He sat still for only a moment, looking out the frosted window, before he rose and started to gather the loose paper.  Once he had it all in one pile again, neatly arranged and lying next to the pen on the table, he sat back down.  He stared at the paper as though willing the words he wanted to say to appear on the blank pages, even if he was not sure what those words would be.  Only when his eyes began to water did he even blink.

After nearly a half hour, he picked up the pen again.  He resigned himself to knowing that anything he wrote down would not be a sufficient explanation.  Then again, he reasoned, there really wasn’t anyone who needed an explanation.  Carla was gone, Brady was gone.  Soon, he would be gone, too.

He picked up the pen again and pulled one sheet of paper from the top of the stack.  Before he had time to change his mind or second guess himself, he wrote.  His hasty scrawl was barely legible, but anyone finding his body would be able to decipher the words and that was all he cared about.

I’m sorry, the note said.

It wasn’t much, but Thomas knew it was enough.  It was all he had to say.

He folded the note into thirds and held it down flat with his hand on the table.  He was afraid to put it into an envelope, afraid that it might be cast aside as a meaningless piece of mail by whoever came to investigate the sound of a gunshot or, he grimaced, the stench.  He spent a long moment wondering how his body would look after a few weeks of decay.  The house stayed cold in the winter, but he doubted it would be cold enough to prevent at least some of his tissues from breaking down.  Looking up, he regarded his image in the mirror across the room.  He had lost a significant amount of weight over the past year–somehow food didn’t seem as appealing after what he did to Brady–and the face staring back at him, pale and haunted, was not his own.  That face, the one he saw now, was the face of his son’s murderer.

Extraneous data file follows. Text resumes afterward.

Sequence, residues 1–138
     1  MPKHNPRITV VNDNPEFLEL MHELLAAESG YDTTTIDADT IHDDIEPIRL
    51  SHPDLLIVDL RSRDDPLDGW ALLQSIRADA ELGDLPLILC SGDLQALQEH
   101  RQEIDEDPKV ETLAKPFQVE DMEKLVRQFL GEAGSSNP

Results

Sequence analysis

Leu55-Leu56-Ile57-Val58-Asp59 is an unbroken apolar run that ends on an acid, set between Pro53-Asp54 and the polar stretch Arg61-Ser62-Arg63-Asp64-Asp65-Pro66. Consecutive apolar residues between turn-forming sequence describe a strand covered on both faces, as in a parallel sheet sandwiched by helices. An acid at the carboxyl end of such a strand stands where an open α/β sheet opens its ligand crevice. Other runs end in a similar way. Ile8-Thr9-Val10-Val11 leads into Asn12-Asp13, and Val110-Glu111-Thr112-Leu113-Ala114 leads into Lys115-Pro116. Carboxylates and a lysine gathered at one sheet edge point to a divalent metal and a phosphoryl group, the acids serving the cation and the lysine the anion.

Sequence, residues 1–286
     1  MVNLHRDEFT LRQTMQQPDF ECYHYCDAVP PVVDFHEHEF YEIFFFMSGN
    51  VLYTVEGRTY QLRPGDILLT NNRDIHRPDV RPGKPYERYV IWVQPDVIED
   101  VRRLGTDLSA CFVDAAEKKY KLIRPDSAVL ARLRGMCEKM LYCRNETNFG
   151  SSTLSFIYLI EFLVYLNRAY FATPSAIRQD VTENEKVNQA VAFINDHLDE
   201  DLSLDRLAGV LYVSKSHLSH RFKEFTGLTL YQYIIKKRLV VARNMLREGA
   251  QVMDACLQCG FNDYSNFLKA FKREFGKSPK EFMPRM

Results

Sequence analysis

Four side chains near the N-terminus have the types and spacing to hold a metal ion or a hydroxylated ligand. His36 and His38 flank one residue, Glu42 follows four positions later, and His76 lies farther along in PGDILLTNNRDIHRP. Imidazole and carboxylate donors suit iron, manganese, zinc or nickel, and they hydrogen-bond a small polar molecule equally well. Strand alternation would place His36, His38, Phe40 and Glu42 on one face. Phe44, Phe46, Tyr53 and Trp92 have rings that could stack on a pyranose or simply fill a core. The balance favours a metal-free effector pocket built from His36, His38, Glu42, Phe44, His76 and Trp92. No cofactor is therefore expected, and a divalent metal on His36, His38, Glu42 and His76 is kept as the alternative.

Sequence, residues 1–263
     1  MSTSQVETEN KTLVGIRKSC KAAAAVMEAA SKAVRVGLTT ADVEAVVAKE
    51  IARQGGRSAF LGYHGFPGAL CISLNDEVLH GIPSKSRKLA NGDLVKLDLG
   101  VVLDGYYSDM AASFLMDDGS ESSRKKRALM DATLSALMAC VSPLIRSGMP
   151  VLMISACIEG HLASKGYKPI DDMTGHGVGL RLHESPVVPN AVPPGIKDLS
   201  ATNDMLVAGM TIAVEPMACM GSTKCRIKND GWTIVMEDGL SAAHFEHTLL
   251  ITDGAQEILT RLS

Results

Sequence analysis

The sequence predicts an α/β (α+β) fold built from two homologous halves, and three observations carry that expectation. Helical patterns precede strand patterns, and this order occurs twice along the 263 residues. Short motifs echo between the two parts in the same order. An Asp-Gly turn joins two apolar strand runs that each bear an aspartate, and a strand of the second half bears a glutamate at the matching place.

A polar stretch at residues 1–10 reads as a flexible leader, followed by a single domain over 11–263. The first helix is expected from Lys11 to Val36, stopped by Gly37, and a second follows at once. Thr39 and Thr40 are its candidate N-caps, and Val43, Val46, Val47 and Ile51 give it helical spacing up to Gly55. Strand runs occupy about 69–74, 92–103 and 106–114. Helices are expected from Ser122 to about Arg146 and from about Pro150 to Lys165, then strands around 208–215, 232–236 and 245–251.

Thomas took up the pen again and thought for a moment who to address the note to.  Finally, he settled again on the basics, scribbling “Whoever” on the upturned third of the paper and pushing it to the center.  He lay the pen carefully next to it, lined up at a perfect angle to both paper and the edge of the table.  Somehow, he figured if the only thing left untidy when he was done was himself, the situation would look better for him.

He glanced back up at the mirror again.  The murderer’s face was smiling at him as if to mock his grief, his loss.

Anger welled up inside Thomas, entwining with his grief to a thread of steel that gave his hand strength to take up the gun.  The feel of the Ruger in his hand, the evil metal against his skin, made him almost lose his nerve.  He knew that what he was about to do was cowardice, a luxury he did not deserve after what he had done to his son, yet cowardice was a mild thing compared to that monstrous act.  The events played through his mind again, as they had thousands of times over the past year.  He fought against the memories, but they came on anyway, forcing him to relive them again one more time before he made his last, desperate attempt at escape.

“What was that?” Carla asks him, he voice accompanied in the dark by her hand on his shoulder.

Thomas hears the noise and is up at once.  He does not bother getting dressed, afraid of the noise even the pajama pants at the foot of his bed might cause.  He imagines himself pulling on one leg, then tripping as he tried to pull on the other one.